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Get Lucky

January 26, 2011

I have good luck. Not as good luck as my older brother, who has great luck, but I would say that I have very good luck.

“How can you say that. You have cancer!” you might be thinking.

My response: “Ah, but I beat cancer.”

I understand what Lou Gehrig was getting at: yeah, it’s a bad break, but when you look at the big picture, things look a bunch better.

That’s part of being lucky, in fact: the very act of looking at the big picture.

It’s not just me who thinks this. British social scientist Richard Wiseman spent ten years researching the phenomenon of luck, and he wrote a book and a web site about his findings. The book is called The Luck Factor and so is the web site. Dr. Weisman breaks up what differentiates lucky people into several bite-sized bits; one of them is titled “See the Positive,” and another is “Take the Long View.”  I spent time thinking about it. In fact, I’ve spent a lot of time thinking about because it beats dwelling; in fact, “Don’t Dwell” is another of Dr. Weisman’s suggestions to people wishing to improve their luck. He’s put together a fantastic resource.

Luck was also a big part of our lives in Japan. Recognizing that I barely scratched the surface of even understanding Japanese culture, I noticed that anything that reeked of faux pas was termed “unlucky.” Many Shinto practices also revolve around luck; Shinto is an ancient practice with roots in early agriculture. What agricultural culture doesn’t offer prayers to the gods to assure a good harvest?  Luck, in the tangible forms of sun and rain, is of vital importance to farmers; firm belief in luck seems be one of the many ways in which the Japanese agricultural tradition has held steadfast.

The Romans anthropomorphized luck into the goddess Fortuna, who oversaw the rise and fall of men’s fortunes, and they attributed to her whim both the good and the bad. Sometimes, you see her with two faces representing good and bad luck. She’s associated with the wheel which gives credence to the pattern of good fortune and bad following on each other’s heels, like a sine curve. I’d love to be able to quantify it, but how do you measure luck?

I’ve noticed that often, people with good luck are inclined to attribute their success to hard work, instead of recognizing when they’ve been lucky and transforming the realization into compassion, whereas people who consistently make bad choices often attribute their failure to bad luck instead of taking some responsibility and making a change.

There are things we can control and things we cannot.

None of us can control the circumstances of our birth: our birth date, our parentage, our native gifts, and our culture. Malcolm Gladwell addresses this brilliantly in his book Outliers which he calls a story of success and I call a clarion call to the bulk of people who read books like Gladwell’s, brilliant and successful, to stop looking so smug, and recognize how much of their (our) success is due to blind, dumb luck and not just hard work and wise choices.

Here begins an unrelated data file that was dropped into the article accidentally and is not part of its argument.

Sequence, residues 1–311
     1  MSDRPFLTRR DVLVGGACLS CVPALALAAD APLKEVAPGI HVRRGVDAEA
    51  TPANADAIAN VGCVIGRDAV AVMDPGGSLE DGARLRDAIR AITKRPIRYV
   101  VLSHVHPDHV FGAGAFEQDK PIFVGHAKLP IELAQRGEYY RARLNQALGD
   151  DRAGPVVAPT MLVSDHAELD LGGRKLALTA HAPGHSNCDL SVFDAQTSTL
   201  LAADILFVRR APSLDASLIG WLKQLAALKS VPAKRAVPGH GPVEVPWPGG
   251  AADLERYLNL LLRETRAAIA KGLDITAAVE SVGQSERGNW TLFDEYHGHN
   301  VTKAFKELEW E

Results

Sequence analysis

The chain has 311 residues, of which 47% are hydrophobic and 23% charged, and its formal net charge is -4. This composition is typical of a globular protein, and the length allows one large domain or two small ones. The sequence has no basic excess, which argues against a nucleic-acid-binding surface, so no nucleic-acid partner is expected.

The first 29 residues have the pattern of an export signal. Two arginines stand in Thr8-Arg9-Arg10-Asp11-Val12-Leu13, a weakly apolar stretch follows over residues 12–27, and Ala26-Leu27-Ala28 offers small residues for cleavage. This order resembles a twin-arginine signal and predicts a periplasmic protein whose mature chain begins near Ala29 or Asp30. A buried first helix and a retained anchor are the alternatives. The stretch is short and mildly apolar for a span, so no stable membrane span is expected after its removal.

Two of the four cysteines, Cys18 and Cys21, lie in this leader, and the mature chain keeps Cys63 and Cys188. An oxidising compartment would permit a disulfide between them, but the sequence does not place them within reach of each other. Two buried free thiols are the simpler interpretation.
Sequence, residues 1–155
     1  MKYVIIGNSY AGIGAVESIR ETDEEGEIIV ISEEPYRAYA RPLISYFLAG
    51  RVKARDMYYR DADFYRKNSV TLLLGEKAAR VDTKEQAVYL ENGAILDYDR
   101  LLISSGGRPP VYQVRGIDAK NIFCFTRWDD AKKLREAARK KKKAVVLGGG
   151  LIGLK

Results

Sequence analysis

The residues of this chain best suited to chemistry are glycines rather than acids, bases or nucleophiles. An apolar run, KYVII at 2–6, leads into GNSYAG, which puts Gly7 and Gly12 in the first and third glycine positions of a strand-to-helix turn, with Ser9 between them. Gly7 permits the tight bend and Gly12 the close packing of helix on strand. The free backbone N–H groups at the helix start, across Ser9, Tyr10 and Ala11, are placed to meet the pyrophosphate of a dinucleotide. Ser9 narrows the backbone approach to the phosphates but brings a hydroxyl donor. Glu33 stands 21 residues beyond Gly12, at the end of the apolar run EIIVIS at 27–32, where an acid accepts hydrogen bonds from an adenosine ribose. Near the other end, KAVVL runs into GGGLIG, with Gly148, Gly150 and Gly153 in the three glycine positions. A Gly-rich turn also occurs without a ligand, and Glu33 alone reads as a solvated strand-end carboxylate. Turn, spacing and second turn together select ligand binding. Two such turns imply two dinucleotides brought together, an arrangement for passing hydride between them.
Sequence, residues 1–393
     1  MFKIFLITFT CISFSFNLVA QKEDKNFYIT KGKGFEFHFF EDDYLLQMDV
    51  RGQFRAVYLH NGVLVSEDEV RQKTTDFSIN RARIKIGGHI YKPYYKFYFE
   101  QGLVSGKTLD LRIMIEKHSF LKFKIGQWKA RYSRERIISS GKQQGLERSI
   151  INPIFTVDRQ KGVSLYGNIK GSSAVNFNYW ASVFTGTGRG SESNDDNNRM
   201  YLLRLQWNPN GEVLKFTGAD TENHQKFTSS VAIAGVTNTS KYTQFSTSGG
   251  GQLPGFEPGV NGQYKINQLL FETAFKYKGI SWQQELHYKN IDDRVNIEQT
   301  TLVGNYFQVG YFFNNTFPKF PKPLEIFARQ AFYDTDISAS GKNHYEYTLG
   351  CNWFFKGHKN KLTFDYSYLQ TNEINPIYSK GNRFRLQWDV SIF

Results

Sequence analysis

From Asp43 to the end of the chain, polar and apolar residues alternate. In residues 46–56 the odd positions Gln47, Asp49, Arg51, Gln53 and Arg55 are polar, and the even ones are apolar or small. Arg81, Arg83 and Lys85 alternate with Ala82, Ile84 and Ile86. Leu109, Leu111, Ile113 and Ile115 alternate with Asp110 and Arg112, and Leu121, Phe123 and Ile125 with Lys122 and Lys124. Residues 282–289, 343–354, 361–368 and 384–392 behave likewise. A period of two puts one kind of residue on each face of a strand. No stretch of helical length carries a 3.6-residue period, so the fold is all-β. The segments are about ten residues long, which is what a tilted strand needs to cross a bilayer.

We can control the choices we make: how hard we work, what we focus our efforts on, how we treat other people, how much we exercise, how much and what we eat, how much we sleep, how we dress, how often we go to church, and, to a degree, who we associate with. Bookstores abound with self-help volumes to help us make better choices. But we don’t.

I’m going to go out on a limb here and say that we’re all doing the best we can, and some people make bad choices and some people work hard, and we all have good luck and bad luck, and not always in equal measure.

Some people get cancer. Sure, there is a statistical correlation between obesity, smoking, overuse of alcohol, consumption of hydrogenated fats, a sedentary lifestyle, and a bunch of other stuff and getting cancer, but on a case-by-case scenario, either you have cancer or you don’t, and there are plenty of more compelling reasons to make better lifestyle choices than the specter of cancer. There are worse things than cancer. Life isn’t fair.

Some people beat cancer. I’m one of them. Statistically speaking, you have a better chance of beating cancer if you have access to better health care. If you have the knowledge to know where to go to seek out the best medical care, or if you have the self-confidence to inconvenience your family and make them take you to a further-away facility. If you can afford to stay in a hotel for months at a time, or are have friends who are willing to put you up. If you have the courage to get that lump examined right away in the first place and not hope it just goes away on its own. If your treatment kills your cancer before it can kill you.

If there is one thing I take away from this experience, it some combination of recognizing the brilliant choices I made in the way I approached my disease, replicating that brilliance in the future choices I make in my life, and realizing of how very little of my success has to do with me after all and how much of the credit goes to the people I am lucky enough to have as family and friends and to the doctors whose care I was lucky enough to receive.

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